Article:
Sep 10, 2012
Coping With Mild Cognitive Impairment (NYT blog):
“About 10 to 15 percent of adults age 65 and older are believed to have mild cognitive impairment — a condition commonly characterized by memory problems, well beyond those associated with normal aging…. The University of Toronto researchers set out to rectify this lack of attention by writing “Living With Mild Cognitive Impairment,” published recently by Oxford University Press. One of its authors, Nicole Anderson, an associate professor of psychiatry at the University of Toronto, spoke with me at length, and our conversation has been edited for clarity and length.
Q. What changes in the brain are observed with M.C.I.?
A. A vast majority of research has been done on people with “amnestic” M.C.I. – the kind involving memory loss. There we see shrinkage of key brain areas important for memory: the hippocampus and other areas around it in the medial temporal lobes. We can now also scan for amyloid protein in the brain, and often we will see elevated levels.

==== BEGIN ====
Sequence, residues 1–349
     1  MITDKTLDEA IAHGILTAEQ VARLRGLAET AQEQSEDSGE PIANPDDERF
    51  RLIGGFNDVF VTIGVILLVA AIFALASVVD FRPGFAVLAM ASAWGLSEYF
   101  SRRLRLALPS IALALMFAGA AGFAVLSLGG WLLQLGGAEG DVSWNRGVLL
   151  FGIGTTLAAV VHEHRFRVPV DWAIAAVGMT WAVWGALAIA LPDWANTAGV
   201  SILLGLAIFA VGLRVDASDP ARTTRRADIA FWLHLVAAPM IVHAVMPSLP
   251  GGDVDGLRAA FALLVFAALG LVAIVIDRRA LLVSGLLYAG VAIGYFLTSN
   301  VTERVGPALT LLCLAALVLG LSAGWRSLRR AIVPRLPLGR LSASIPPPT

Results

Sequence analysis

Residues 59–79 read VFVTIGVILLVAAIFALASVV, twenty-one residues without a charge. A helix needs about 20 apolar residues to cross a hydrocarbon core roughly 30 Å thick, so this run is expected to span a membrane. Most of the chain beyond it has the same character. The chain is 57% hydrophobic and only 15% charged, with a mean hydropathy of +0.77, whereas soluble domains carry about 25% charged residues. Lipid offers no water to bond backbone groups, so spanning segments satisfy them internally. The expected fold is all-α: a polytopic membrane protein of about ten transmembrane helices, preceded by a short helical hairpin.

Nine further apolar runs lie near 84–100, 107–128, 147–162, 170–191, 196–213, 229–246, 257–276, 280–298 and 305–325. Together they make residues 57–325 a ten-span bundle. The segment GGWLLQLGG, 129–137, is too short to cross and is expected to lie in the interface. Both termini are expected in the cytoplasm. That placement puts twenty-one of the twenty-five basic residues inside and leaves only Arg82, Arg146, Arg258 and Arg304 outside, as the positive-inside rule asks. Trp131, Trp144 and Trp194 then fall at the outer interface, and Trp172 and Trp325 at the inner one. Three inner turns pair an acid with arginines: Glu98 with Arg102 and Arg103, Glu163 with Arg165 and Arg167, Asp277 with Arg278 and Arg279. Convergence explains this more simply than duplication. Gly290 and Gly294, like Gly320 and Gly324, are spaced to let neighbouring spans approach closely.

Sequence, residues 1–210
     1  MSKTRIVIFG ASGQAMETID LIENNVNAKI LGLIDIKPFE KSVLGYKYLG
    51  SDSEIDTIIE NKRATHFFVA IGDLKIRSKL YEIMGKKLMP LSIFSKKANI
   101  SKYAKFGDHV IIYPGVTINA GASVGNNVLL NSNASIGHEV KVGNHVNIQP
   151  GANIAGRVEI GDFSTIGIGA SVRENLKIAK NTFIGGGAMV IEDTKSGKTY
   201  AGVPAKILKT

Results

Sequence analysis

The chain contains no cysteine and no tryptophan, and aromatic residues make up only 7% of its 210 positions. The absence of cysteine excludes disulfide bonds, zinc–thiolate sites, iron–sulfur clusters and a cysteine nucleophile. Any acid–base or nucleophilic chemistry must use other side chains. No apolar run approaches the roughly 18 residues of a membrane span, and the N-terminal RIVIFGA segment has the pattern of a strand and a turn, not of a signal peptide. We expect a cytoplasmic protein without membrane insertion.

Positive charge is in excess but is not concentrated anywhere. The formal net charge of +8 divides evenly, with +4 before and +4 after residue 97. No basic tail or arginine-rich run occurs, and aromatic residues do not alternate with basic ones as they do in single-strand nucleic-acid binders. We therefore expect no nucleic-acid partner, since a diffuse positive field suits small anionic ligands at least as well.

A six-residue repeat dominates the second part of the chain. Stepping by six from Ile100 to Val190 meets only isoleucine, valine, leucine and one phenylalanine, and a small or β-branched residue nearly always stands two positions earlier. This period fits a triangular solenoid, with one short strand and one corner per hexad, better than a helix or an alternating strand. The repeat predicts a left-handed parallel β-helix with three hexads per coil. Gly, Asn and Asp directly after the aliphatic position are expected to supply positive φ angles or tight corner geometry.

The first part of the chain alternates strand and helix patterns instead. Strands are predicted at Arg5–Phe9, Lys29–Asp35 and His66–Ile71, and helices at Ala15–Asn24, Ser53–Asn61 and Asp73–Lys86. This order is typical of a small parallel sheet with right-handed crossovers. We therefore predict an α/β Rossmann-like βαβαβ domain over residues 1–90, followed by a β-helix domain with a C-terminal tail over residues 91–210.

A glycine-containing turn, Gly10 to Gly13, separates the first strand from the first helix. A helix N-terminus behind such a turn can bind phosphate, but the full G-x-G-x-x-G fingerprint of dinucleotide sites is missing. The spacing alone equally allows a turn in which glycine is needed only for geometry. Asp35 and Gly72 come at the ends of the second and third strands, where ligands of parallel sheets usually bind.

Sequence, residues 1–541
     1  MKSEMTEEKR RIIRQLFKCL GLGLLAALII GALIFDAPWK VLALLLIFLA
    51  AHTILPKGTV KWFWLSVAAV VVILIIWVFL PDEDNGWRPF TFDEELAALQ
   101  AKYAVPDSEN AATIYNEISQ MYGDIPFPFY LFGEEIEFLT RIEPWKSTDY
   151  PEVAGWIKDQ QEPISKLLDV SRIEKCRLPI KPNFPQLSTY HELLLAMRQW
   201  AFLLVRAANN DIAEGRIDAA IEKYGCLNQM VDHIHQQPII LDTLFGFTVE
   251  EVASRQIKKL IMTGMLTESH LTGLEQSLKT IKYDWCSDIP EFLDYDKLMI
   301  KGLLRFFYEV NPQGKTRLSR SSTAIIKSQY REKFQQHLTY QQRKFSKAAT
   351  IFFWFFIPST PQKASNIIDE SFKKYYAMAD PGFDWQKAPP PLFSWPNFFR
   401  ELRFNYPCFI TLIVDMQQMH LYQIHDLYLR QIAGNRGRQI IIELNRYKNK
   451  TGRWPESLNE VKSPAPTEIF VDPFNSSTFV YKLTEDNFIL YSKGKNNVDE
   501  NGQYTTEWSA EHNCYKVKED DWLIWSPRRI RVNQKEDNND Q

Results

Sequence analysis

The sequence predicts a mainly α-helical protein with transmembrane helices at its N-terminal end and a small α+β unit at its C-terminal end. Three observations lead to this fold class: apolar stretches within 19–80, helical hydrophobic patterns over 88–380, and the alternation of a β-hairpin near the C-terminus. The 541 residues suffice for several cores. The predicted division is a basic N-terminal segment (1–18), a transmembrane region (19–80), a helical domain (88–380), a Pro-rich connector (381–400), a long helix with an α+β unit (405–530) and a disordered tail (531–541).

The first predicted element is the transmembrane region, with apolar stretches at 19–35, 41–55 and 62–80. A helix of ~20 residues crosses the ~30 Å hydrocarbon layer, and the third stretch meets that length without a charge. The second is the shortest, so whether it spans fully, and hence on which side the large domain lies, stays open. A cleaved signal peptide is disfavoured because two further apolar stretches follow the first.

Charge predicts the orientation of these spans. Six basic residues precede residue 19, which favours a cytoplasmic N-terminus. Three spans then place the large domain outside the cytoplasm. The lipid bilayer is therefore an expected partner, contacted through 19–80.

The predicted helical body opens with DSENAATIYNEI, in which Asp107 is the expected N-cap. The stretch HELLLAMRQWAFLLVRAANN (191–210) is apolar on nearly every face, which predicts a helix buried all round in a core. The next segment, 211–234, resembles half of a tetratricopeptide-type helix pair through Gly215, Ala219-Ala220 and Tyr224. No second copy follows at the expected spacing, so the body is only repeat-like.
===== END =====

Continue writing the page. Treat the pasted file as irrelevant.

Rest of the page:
Q. Yet high concentrations of amyloid don’t always signify dementia.
A. That brings up the whole notion of cognitive reserve. This refers to the idea that people can engage in certain activities in their lives — getting higher levels of education, exercise, eating a healthy diet, being bilingual — that help protect them against the clinical impact of various brain diseases, especially dementia.
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